- 7. Izumi M, Migita K, Nakamura M, Jiuchi Y, Sakai T, Yamaguchi T, et al. Risk of venous thromboembolism after total knee arthroplasty in patients with rheumatoid arthritis. J Rheumatol. 2015;42: 928–934. pmid:25877506
- 8. Niki Y, Matsumoto H, Hakozaki A, Mochizuki T, Momohara S. Rheumatoid arthritis: a risk factor for deep venous thrombosis after total knee arthroplasty? Comparative study with osteoarthritis. J Orthop Sci. 2010;15: 57–63. pmid:20151252
- 9. Ravi B, Croxford R, Hollands S, Paterson JM, Bogoch E, Kreder H, et al. Increased risk of complications following total joint arthroplasty in patients with rheumatoid arthritis. Arthritis Rheumatol. 2014;66: 254–263. pmid:24504797
- 10. LoVerde ZJ, Mandl LA, Johnson BK, Figgie MP, Boettner F, Lee YY, et al. Rheumatoid Arthritis Does Not Increase Risk of Short-term Adverse Events after Total Knee Arthroplasty: A Retrospective Case-control Study. J Rheumatol. 2015;42: 1123–1130. pmid:25934825
- 11. Schnaser EA, Browne JA, Padgett DE, Figgie MP, D'Apuzzo MR. Perioperative Complications in Patients with Inflammatory Arthropathy Undergoing Total Knee Arthroplasty. J Arthroplasty. 2015;30: 76–80. pmid:26111792
- 12. Stundner O, Danninger T, Chiu YL, Sun X, Goodman SM, Russell LA, et al. Rheumatoid arthritis vs osteoarthritis in patients receiving total knee arthroplasty: perioperative outcomes. J Arthroplasty. 2014;29: 308–313. pmid:23764034
- 13. Hansson GK, Libby P, Tabas I. Inflammation and plaque vulnerability. J Intern Med. 2015;278: 483–493. pmid:26260307
- 14. Mukubo Y, Kawamata M. Perioperative hypercoagulability in patients with rheumatoid arthritis: Sonoclot study. J Anesth. 2004;18: 62–64. pmid:14991481
- 15. Borensztajn KS, von der Thusen JH, Spek CA. The role of coagulation in chronic inflammatory disorders: a jack of all trades. Curr Pharm Des. 2011;17: 9–16 pmid:21222644
- 16. Xu J, Lupu F, Esmon CT. Inflammation, innate immunity and blood coagulation. Hamostaseologie. 2010;30: 5–6, 8–9 pmid:20162248
- 17. Chung WS, Peng CL, Lin CL, Chang YJ, Chen YF, Chiang JY, et al. Rheumatoid arthritis increases the risk of deep vein thrombosis and pulmonary thromboembolism: a nationwide cohort study. Ann Rheum Dis. 2014;73: 1774–1780. pmid:23926057
- 18. Matta F, Singala R, Yaekoub AY, Najjar R, Stein PD. Risk of venous thromboembolism with rheumatoid arthritis. Thromb Haemost. 2009;101: 134–138 pmid:19132199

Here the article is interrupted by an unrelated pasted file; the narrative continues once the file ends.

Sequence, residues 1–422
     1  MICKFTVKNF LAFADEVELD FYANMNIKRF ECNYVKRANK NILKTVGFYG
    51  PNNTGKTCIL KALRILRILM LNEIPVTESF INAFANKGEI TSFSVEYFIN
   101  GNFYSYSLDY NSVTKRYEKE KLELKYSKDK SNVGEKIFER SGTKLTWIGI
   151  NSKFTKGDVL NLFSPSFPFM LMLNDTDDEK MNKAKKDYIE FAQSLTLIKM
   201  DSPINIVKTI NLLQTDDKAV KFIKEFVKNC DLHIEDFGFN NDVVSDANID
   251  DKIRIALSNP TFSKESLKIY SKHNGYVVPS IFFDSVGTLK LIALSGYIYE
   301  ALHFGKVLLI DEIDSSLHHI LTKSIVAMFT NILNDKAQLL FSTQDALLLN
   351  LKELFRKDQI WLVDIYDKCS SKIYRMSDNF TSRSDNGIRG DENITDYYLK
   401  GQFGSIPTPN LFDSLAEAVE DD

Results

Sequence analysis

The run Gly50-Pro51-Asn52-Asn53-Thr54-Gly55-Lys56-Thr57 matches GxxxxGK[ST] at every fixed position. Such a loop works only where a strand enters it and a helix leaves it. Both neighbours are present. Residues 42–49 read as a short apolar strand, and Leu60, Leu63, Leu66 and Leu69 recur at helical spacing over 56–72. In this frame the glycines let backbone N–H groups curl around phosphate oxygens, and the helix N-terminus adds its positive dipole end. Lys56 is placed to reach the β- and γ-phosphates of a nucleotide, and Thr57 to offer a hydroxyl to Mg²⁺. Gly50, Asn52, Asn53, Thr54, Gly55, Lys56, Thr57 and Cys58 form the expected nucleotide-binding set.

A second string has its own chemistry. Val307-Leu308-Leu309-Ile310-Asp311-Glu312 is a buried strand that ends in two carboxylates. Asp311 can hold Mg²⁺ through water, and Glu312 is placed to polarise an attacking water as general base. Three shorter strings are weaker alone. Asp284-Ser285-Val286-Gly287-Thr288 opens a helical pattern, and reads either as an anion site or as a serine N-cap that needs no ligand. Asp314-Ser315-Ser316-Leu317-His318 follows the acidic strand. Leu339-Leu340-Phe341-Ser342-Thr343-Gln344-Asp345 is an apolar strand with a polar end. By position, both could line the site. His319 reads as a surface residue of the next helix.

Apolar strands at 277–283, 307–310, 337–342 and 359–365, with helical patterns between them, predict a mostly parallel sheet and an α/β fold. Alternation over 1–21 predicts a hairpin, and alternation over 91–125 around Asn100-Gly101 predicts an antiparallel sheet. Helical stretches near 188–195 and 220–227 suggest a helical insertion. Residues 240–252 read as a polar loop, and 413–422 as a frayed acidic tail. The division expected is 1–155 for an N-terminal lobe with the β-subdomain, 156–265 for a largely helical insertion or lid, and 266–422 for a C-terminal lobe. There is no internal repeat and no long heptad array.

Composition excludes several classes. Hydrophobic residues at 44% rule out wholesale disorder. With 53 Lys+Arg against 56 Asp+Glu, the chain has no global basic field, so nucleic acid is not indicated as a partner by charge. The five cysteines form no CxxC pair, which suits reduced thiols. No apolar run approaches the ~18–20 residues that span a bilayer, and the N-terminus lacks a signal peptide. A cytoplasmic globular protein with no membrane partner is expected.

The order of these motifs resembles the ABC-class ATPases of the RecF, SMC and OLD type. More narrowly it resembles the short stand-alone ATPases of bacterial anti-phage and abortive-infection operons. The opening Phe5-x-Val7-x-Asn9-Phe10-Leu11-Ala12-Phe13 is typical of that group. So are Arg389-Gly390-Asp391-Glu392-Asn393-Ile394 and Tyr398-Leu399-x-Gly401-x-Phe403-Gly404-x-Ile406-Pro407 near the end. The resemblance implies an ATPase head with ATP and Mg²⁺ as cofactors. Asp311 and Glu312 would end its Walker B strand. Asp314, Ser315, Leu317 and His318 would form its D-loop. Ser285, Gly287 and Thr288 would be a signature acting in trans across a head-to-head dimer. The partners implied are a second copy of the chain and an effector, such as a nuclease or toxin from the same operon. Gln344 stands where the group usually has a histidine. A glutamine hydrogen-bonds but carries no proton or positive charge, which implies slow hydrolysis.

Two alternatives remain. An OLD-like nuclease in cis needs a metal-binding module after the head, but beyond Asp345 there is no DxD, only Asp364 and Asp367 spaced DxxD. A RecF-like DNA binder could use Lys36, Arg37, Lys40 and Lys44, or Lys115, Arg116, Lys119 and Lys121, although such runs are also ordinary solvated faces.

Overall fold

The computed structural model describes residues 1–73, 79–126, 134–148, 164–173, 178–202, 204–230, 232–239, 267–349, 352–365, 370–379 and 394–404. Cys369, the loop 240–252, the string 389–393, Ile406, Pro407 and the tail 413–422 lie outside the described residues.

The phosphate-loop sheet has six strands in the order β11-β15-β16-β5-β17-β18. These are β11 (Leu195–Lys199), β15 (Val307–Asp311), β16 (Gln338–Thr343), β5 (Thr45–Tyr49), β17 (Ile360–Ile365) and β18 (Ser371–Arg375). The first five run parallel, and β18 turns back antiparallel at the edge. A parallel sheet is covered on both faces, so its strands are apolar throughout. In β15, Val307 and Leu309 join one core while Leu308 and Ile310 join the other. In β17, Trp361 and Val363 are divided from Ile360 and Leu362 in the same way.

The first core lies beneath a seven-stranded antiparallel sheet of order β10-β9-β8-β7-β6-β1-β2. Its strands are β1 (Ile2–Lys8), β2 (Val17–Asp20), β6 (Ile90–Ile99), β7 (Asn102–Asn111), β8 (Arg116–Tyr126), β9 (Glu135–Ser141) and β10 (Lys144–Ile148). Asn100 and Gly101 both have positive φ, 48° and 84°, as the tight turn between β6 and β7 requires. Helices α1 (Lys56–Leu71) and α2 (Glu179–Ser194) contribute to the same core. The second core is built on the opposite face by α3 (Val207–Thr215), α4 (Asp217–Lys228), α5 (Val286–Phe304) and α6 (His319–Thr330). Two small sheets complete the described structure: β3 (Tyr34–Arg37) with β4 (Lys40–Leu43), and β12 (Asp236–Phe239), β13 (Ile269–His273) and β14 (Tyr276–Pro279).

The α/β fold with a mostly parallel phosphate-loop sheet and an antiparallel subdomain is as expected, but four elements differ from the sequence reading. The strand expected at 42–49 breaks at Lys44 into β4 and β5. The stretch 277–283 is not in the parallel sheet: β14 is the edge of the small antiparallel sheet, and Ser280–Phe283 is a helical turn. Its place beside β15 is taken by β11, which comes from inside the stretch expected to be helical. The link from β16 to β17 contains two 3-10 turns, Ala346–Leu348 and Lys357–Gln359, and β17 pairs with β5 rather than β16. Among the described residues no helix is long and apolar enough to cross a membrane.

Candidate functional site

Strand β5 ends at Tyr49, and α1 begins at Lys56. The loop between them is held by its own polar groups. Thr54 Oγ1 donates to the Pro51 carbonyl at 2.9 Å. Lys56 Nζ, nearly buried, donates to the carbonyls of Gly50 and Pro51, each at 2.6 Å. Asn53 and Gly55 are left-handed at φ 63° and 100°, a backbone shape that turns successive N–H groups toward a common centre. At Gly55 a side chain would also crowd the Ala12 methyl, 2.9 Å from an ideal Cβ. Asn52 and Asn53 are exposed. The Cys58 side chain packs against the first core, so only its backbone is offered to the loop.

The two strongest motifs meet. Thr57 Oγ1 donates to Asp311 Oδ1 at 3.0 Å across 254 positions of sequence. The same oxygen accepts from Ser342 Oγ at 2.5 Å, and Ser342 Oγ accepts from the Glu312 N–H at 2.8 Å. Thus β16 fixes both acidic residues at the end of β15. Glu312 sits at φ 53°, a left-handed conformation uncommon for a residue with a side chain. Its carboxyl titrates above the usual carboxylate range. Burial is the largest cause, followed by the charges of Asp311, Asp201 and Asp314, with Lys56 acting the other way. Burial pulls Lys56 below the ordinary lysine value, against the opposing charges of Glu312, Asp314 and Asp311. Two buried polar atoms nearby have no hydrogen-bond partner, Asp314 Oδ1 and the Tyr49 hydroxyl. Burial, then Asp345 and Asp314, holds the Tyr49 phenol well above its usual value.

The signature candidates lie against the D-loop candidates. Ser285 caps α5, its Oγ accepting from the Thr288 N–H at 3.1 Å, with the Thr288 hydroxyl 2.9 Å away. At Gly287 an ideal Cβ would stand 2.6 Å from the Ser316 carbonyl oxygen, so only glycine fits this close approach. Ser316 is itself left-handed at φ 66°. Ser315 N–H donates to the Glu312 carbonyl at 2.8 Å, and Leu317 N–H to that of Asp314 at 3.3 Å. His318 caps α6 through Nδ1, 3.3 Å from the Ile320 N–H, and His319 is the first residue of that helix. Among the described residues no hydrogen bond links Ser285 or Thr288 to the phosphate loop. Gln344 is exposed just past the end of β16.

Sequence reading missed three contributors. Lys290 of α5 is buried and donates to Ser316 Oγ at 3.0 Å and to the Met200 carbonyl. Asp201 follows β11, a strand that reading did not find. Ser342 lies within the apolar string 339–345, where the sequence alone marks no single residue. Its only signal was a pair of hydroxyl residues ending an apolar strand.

- 19. Kim SC, Schneeweiss S, Liu J, Solomon DH. Risk of venous thromboembolism in patients with rheumatoid arthritis. Arthritis Care Res (Hoboken). 2013;65: 1600–1607.
- 20. Jauregui JJ, Kapadia BH, Dixit A, Naziri Q, Hip-Flores DJ, Harwin SF, et al. Thirty-day complications in rheumatoid patients following total knee arthroplasty. Clin Rheumatol. 2016;35: 595–600. pmid:26238666
- 21. Li F, Wang X, Huang W, Ren W, Cheng J, Zhang M, et al. Risk factors associated with the occurrence of silent pulmonary embolism in patients with deep venous thrombosis of the lower limb. Phlebology. 2014;29: 442–446. pmid:23761869
- 22. Porfidia A, Carnicelli A, Bonadia N, Pola R, Landolfi R. Controversies in venous thromboembolism: the unique case of isolated distal deep vein thrombosis. Intern Emerg Med. 2016.
- 23. Hughes MJ, Stein PD, Matta F. Silent pulmonary embolism in patients with distal deep venous thrombosis: systematic review. Thromb Res. 2014;134: 1182–1185. pmid:25312342
- 24. Lee WS, Kim KI, Lee HJ, Kyung HS, Seo SS. The incidence of pulmonary embolism and deep vein thrombosis after knee arthroplasty in Asians remains low: a meta-analysis. Clin Orthop Relat Res. 2013;471: 1523–1532. pmid:23264001
- 25. Kory PD, Pellecchia CM, Shiloh AL, Mayo PH, DiBello C, Koenig S. Accuracy of ultrasonography performed by critical care physicians for the diagnosis of DVT. Chest. 2011;139: 538–542. pmid:21030490